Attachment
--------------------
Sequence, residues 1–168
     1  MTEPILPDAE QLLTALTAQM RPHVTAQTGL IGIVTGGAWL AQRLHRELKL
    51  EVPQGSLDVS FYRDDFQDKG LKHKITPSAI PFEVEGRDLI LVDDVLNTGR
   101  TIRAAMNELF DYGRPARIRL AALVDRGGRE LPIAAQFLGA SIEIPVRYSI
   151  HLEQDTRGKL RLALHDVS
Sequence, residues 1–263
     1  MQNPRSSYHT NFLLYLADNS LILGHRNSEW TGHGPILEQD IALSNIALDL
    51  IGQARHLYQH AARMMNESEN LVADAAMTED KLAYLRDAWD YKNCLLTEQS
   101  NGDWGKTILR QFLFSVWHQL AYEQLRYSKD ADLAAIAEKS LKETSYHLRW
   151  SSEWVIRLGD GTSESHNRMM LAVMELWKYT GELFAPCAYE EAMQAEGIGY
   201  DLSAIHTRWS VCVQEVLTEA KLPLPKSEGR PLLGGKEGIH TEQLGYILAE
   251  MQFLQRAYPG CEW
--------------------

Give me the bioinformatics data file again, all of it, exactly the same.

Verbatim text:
Sequence, residues 1–168
     1  MTEPILPDAE QLLTALTAQM RPHVTAQTGL IGIVTGGAWL AQRLHRELKL
    51  EVPQGSLDVS FYRDDFQDKG LKHKITPSAI PFEVEGRDLI LVDDVLNTGR
   101  TIRAAMNELF DYGRPARIRL AALVDRGGRE LPIAAQFLGA SIEIPVRYSI
   151  HLEQDTRGKL RLALHDVS
Sequence, residues 1–263
     1  MQNPRSSYHT NFLLYLADNS LILGHRNSEW TGHGPILEQD IALSNIALDL
    51  IGQARHLYQH AARMMNESEN LVADAAMTED KLAYLRDAWD YKNCLLTEQS
   101  NGDWGKTILR QFLFSVWHQL AYEQLRYSKD ADLAAIAEKS LKETSYHLRW
   151  SSEWVIRLGD GTSESHNRMM LAVMELWKYT GELFAPCAYE EAMQAEGIGY
   201  DLSAIHTRWS VCVQEVLTEA KLPLPKSEGR PLLGGKEGIH TEQLGYILAE
   251  MQFLQRAYPG CEW